Medical Marijuana Patient Cannot Challenge Alleged Zoning Ban On Dispensaries

A medical marijuana patient is not the proper party to challenge a zoning ordinance which patient alleges bans medical marijuana dispensaries. In Traudt v. City of Dana Point (— Cal.Rptr.3d —-, Cal.App. 4 Dist., September 30, 2011), a Court of Appeal held that a medical marijuana collective or cooperative is the proper party to mount a challenge to a city’s zoning scheme, not the individual patient who uses the dispensary to obtain medical marijuana.


Malinda Traudt ("Traudt") is blind and suffers from numerous other aliments. After Traudt had a severe reaction to Oxycontin, a pain specialist replaced Traudt's pain medication with medical marijuana. Traudt claims her quality of life significantly improved and her pain became manageable through continued use of medical marijuana. Traudt's mother obtained medical marijuana for Traudt from the Beach Cities Collective ("Beach Cities").

The City of Dana Point ("City") filed a nuisance abatement action seeking to shut down Beach Cities. Traudt filed a lawsuit against the City asserting that it was improperly attempting to close all of the medical marijuana collectives in Dana Point. Traudt sought a declaratory judgment that the failure of the City's zoning ordinances to expressly recognize medical marijuana dispensaries as permitted uses constituted a zoning ban on such dispensaries and that the Medical Marijuana Program Act ("MMPA") and the Compassion Use Act ("CUA") preempt city zoning ordinances that ban dispensaries. The trial court dismissed Traudt's lawsuit.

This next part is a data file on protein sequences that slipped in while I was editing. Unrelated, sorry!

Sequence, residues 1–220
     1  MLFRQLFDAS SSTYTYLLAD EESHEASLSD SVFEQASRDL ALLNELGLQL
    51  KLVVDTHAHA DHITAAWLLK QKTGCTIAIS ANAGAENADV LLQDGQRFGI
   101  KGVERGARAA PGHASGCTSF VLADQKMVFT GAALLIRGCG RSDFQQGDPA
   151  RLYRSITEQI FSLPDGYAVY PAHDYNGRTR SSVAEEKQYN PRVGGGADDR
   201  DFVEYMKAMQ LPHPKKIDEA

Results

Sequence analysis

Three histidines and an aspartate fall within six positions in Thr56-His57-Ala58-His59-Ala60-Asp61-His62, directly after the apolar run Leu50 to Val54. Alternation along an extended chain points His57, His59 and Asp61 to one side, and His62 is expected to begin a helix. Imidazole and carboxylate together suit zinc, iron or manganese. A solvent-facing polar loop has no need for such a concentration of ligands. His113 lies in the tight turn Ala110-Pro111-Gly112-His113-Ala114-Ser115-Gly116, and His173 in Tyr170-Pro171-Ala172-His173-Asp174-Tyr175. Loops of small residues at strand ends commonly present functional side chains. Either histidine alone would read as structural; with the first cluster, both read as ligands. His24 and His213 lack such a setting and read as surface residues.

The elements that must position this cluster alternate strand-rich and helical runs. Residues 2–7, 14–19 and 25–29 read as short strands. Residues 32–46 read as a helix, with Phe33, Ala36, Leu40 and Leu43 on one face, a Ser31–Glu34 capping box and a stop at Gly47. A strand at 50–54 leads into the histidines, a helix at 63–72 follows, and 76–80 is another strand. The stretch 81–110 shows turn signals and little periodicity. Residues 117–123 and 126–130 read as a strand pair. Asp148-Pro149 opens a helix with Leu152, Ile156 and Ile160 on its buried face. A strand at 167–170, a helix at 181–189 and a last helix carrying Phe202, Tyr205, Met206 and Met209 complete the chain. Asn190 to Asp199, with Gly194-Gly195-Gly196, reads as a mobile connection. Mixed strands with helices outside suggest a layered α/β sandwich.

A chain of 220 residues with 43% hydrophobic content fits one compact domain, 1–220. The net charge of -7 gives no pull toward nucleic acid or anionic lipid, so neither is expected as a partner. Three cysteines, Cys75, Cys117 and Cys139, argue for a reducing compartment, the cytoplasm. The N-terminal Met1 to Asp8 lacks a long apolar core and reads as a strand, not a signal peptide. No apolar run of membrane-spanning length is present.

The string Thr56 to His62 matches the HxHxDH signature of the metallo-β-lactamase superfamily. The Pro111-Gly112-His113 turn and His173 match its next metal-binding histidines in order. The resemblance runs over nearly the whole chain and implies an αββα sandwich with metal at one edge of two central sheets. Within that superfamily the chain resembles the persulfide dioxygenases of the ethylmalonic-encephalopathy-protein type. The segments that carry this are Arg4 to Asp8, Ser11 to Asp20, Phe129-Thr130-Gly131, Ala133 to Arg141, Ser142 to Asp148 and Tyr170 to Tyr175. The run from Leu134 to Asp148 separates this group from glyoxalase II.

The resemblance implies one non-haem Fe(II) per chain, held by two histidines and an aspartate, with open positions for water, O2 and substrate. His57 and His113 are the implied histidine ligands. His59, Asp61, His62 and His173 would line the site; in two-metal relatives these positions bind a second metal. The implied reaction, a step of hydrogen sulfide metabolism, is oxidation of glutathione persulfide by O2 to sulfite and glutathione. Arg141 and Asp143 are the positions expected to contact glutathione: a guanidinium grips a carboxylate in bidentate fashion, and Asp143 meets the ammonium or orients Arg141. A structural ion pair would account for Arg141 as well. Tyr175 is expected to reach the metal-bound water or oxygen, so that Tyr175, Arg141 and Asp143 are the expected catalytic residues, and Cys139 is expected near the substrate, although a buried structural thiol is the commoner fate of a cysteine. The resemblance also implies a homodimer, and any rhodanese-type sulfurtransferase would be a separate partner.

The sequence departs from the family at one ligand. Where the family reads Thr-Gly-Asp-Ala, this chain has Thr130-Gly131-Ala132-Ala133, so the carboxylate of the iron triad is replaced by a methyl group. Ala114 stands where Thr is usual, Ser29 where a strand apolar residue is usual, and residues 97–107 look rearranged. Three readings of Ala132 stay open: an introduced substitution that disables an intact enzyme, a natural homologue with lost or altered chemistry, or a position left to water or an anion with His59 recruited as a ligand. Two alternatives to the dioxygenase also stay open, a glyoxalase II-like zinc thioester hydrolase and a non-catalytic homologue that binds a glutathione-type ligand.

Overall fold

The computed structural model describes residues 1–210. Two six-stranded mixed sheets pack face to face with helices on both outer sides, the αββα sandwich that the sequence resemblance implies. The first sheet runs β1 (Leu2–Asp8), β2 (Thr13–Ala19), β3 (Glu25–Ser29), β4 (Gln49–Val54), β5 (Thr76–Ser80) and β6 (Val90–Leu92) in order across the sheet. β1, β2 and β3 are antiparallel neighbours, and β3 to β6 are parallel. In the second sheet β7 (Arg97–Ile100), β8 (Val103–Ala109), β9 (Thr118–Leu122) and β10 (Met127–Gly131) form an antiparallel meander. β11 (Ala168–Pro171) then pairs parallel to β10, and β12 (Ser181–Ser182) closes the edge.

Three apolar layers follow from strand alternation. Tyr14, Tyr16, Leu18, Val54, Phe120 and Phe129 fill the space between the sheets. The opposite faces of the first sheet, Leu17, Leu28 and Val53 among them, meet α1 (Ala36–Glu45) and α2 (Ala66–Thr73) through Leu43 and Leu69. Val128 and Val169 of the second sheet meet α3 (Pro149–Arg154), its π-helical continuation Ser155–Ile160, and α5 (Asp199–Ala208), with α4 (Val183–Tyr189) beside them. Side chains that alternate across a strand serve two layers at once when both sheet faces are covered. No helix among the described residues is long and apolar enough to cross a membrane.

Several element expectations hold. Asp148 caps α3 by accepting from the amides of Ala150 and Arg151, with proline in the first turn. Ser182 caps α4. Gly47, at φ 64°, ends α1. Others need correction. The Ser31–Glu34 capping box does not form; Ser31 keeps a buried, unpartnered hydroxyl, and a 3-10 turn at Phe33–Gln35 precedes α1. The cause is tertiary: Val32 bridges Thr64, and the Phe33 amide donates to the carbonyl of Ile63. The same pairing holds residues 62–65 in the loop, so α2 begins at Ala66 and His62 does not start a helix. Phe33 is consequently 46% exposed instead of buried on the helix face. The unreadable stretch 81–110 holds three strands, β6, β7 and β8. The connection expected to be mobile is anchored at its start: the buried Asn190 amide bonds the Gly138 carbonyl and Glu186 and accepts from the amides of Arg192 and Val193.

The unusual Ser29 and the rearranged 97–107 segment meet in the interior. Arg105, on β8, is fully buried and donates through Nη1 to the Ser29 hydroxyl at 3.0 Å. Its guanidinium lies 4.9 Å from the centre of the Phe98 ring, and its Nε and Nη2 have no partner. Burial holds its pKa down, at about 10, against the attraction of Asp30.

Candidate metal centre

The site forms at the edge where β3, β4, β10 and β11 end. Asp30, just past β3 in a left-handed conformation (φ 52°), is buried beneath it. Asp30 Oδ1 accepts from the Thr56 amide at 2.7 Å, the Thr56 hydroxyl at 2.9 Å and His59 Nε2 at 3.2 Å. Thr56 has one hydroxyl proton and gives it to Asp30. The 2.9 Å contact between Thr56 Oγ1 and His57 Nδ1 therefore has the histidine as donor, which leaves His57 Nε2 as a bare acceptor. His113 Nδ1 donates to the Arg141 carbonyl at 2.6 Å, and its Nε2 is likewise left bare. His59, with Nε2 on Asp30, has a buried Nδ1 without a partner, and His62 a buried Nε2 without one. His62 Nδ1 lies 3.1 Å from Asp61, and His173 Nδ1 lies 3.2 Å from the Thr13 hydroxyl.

The Court of Appeal dismissed Traudt's appeal because she lacks standing to challenge the alleged zoning ban on dispensaries. A medical marijuana patient cannot challenge a generally applicable zoning provision because the Legislature vested whatever rights there may be to engage in a medical marijuana collective or cooperative to the collective or cooperative entities not to individuals. Shareholders do not have standing to challenge an alleged infringement of a corporation's rights. Similarly, an individual patron or stakeholder of a dispensary does not have standing to challenge an alleged infringement of a right belonging to a medical marijuana cooperative or collective. In either situation, the group as a whole or the group's agents must determine how to defend or assert its rights.

Traudt cannot challenge the City's application of its zoning plan to a particular piece of property because she does not own or lease a property on which Beach Cities has sought to operate a dispensary. She also cannot challenge the City's zoning ordinances that generally affect dispensaries, because she is not a dispensary. If there is a right to ensure that medical marijuana is available through a dispensary, that right is a group or corporate right, not an individual right.

Whether a dispensary is organized under California law as a cooperative or a collective, the MMPA requires that the group's operation be a nonprofit enterprise. Just because collectives and cooperatives are organized to provide goods or services to their members and distributions or dividends of both consumer and agriculture cooperatives may be given to individual members, these facts do not convert the group nature of a collective's or cooperative's activities into an individual right to resist a zoning ban.

Traudt is allegedly a member of Beach Cities, but she has no ownership interest in the collective. Even if Traudt prevailed in her lawsuit, such favorable decision may not benefit her because she does not have a voice in the decision of whether the collective will remain open. The Court held that Traudt did not have standing to pursue an appeal. Accordingly, the Court dismissed the appeal. Given the dismissal due to Traudt's lack of standing, the Court did not address the substantive merits of the action.


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